The most significant barrier to adopting EMRs doctors, reported by two-thirds of respondents, was the costs and then the uncertainty about the return on investment. Loss of productivity, difficulty finding an EMR that met the needs of their practice, and difficulties implementing the system were among the other major barriers cited.
As the News Record in Greensboro, North Carolina, reported just over a week ago, Moses Cone Health System estimates that for a typical physician’s practice, the costs of a system, the licensing and implementations fees are more than $36,000. Practices also must pay their own support and maintenance fees, beginning at about $5,500 annually for a solo practitioner, said John Jenkins, a Moses Cone vice president and chief information officer. The costs may be more than their practice can absorb, said Dr. Richard Aronson with Guilford Medical Associates. To pay for it, “you’ve got to cut costs, see more patients or suck it up.”
While the government and Department of Health and Human Services is calling for the health records of every American to be in its national electronic database by 2014, claiming enormous cost savings from $81 billion to $2 trillion a year, a nonpartisan investigation by the Congressional Budget Office concluded the savings won’t be that big. “Office-based physicians in particular may see no benefit if they purchase (an electronic-records system) — and may even suffer financial harm.” One reason, besides the enormous start-up costs, the study found, is that an insurer or patient might see savings, but not the doctor.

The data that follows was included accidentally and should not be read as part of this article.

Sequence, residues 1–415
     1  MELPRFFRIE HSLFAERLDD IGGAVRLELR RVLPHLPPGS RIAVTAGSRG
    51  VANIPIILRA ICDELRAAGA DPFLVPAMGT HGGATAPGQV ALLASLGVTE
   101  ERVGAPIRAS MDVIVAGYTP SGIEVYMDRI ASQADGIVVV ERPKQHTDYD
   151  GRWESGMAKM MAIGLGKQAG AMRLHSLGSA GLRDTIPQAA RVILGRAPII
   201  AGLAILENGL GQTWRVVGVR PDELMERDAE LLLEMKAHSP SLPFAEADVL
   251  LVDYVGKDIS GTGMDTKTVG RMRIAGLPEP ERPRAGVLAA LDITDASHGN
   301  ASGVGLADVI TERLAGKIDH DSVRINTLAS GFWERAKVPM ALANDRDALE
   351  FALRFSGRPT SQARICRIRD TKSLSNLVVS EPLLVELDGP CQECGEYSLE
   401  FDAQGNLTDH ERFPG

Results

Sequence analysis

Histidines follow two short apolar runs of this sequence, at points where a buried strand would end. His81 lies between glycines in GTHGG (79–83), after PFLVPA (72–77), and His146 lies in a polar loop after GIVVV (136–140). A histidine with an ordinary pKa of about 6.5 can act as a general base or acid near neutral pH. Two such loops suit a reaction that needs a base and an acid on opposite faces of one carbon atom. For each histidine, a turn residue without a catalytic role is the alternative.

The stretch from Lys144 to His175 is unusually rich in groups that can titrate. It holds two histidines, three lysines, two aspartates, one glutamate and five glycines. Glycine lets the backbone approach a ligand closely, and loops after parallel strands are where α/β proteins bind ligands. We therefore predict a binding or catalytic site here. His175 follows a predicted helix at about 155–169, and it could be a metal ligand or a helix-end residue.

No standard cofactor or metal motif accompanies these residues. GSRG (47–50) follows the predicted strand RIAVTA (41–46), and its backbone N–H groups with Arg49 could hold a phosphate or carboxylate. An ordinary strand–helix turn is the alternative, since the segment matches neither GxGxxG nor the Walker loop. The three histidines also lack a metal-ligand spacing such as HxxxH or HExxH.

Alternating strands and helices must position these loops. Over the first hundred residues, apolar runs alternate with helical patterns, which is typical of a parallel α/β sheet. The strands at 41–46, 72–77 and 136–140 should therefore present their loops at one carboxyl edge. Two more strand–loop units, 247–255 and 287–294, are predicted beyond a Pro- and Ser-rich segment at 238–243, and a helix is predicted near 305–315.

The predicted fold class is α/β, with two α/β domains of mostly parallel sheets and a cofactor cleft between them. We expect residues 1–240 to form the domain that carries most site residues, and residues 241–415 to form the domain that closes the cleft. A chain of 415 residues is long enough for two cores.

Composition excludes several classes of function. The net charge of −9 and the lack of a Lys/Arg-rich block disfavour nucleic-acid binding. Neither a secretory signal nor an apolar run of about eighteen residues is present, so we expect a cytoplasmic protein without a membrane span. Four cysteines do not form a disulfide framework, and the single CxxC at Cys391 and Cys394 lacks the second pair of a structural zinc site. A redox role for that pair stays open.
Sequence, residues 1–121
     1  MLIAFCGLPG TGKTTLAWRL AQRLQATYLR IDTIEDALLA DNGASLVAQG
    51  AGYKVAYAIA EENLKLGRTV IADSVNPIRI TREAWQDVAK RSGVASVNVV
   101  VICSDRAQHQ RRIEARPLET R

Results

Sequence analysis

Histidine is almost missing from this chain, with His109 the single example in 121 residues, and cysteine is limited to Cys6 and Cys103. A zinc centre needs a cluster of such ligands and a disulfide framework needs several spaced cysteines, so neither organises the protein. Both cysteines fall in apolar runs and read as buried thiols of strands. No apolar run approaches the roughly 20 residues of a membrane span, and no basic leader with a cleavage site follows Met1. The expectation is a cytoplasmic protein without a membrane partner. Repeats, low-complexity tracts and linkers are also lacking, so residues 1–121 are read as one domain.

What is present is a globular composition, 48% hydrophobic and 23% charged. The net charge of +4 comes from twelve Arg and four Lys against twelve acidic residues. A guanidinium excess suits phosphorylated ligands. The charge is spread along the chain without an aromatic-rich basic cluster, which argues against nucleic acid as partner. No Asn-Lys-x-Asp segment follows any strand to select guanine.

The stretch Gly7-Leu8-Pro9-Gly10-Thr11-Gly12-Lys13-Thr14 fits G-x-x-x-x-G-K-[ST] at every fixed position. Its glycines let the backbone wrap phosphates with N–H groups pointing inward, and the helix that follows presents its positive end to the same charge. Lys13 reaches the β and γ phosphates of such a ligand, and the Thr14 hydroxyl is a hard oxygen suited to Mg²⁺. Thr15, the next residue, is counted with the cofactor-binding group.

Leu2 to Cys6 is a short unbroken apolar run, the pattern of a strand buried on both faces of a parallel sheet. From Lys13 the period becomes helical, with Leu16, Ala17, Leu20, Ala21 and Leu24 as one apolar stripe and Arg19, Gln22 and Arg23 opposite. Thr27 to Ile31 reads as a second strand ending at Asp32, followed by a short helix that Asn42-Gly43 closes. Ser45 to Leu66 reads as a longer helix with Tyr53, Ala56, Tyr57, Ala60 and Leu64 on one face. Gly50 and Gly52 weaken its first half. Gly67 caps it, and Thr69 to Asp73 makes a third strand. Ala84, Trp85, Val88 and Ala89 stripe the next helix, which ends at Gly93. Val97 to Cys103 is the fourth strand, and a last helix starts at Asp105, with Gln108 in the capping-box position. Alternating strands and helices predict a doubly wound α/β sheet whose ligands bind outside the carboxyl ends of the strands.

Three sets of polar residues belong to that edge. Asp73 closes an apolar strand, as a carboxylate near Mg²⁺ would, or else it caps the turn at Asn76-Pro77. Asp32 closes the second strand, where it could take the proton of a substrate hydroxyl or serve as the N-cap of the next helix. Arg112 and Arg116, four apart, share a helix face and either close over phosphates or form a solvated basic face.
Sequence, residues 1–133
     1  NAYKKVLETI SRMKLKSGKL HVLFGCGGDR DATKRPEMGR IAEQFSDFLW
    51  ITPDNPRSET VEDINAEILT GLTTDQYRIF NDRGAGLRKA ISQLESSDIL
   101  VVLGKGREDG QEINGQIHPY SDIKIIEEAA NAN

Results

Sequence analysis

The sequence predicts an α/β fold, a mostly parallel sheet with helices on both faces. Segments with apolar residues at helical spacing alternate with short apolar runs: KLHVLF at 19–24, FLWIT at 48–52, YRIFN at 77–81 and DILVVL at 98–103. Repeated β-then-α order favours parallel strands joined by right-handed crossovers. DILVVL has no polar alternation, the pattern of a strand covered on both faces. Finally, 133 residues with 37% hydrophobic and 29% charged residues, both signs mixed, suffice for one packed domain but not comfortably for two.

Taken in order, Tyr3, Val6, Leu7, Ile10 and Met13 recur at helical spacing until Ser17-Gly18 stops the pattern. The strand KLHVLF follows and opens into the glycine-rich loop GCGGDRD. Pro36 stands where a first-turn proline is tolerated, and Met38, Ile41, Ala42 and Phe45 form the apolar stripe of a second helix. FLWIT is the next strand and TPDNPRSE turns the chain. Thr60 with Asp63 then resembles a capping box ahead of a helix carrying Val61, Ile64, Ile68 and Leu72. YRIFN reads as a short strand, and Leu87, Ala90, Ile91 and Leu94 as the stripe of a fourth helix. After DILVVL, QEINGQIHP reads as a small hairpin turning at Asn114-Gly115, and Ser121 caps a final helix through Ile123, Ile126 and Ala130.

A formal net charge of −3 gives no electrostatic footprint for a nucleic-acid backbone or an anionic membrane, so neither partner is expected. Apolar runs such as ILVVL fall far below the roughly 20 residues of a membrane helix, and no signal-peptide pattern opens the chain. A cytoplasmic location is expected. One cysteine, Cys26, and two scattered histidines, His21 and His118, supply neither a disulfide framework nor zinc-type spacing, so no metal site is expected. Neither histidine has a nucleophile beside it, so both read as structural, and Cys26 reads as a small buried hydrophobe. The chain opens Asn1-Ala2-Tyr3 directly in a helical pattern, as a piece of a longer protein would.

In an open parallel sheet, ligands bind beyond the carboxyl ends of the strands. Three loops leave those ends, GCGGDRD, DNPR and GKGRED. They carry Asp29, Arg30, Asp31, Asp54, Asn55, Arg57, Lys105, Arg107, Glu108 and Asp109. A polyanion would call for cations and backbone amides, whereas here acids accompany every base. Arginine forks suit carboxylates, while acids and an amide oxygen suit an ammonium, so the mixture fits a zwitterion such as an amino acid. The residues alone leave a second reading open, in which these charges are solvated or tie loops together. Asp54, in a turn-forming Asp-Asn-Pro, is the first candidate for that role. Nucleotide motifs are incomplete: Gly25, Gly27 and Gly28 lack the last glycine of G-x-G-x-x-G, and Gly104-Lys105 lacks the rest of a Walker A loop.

Politicians and stakeholders have different perspectives, it appears, from the majority of medical professionals when it comes to electronic medical records. Doctors largely recognize that EMRs and electronic-prescribing primarily benefits third-party payers and pharmaceutical benefit managers, in increased efficiency and compliance with their performance measures and drug formularies. A study by the Center for Technology Leadership, a Boston-based health care research organization, found that while physicians bear all the costs, they get only about 11% of the savings from EMRs, the real benefit goes to insurers and third-party payers.